The risk for overdose is present for many types of drugs, including prescription drugs, alcohol and illicit drugs. Individuals taking prescribed medications can experience an overdose as well as people who use drugs for non-medical reasons. The Office of the Chief Coroner for Ontario (OCCO) is the main source for data on drug overdose deaths in Ontario. The Coroner investigates each death and records them as accidental (unintentional), suicide (intentional) or undetermined. The main focus of this report is on accidental deaths, as they comprise the majority of drug overdose deaths. Most of these deaths are preventable.

We endorsed the Municipal Drug Strategy Co-ordinator's Network of Ontario's recommendations to reduce overdose fatalities, which included increasing naxolone access for veterans and in other situations onsite, and also requested the Ministry of Health to develop a comprehensive overdose prevention strategy and to facilitate short-term action on overdose prevention.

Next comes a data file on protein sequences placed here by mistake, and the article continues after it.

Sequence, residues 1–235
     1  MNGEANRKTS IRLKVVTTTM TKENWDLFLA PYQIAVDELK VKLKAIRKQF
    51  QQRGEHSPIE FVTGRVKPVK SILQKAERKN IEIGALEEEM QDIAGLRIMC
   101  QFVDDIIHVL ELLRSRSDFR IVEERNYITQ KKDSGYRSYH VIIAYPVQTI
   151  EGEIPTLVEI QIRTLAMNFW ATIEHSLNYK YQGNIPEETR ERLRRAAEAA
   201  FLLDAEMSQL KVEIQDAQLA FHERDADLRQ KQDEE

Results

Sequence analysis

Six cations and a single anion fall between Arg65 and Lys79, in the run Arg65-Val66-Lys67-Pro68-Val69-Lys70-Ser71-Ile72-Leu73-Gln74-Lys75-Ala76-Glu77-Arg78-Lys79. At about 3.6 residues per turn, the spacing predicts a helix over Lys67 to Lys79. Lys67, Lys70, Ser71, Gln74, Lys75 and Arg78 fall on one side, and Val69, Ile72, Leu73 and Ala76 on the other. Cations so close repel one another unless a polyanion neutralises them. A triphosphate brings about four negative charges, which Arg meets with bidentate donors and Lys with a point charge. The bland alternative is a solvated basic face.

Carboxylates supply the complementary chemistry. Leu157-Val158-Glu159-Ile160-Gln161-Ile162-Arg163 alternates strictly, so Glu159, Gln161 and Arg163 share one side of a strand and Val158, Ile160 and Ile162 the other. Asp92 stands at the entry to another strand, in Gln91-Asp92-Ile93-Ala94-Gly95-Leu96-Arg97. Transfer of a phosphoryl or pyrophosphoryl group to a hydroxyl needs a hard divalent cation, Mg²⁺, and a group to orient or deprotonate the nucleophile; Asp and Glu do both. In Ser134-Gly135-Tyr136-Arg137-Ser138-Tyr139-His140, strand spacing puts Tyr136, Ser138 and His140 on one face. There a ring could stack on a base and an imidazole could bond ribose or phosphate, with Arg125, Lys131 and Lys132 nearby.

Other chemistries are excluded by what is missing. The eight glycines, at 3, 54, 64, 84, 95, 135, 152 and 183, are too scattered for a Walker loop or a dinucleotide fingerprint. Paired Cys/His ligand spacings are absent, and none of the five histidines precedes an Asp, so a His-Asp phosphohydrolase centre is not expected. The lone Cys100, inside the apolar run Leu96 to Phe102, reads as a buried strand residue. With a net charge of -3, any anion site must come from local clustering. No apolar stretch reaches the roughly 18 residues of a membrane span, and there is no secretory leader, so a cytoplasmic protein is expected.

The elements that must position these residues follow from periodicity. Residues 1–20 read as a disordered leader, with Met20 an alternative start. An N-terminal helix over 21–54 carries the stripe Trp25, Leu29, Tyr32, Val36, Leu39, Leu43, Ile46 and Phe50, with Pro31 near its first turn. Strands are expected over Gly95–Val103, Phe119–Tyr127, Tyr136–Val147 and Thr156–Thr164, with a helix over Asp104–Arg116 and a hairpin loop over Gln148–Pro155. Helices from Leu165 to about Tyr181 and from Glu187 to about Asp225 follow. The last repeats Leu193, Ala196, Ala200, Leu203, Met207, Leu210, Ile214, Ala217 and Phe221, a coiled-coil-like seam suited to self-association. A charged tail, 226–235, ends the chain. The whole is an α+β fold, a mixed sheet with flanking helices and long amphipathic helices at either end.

To read the report, click here.


Honest Ed's/Mirvish Village - Public Consultation October 7

The City is holding its first Community Consultation meeting on the Honest Ed's/Mirvish Village development proposal, on Wednesday October 7, from 4-8pm at 777 Bloor St. West (Bickford Centre Cafeteria).  The City will be consulting with the public in a number of ways on this application, and this is the first of many opportunities for members of the public to learn more about the application, ask questions of City staff and share comments on the proposal.  For all the meeting details, click here.

On July 10, 2015, City Planning received applications from Westbank to amend the Official Plan and Zoning By-laws to redevelop a number of properties bordered by Bloor Street West, Bathurst Street, Lennox Street, and Markham Street, as well as a number of properties on the west side of Markham Street, also known as the Honest Ed's/Mirvish Village site.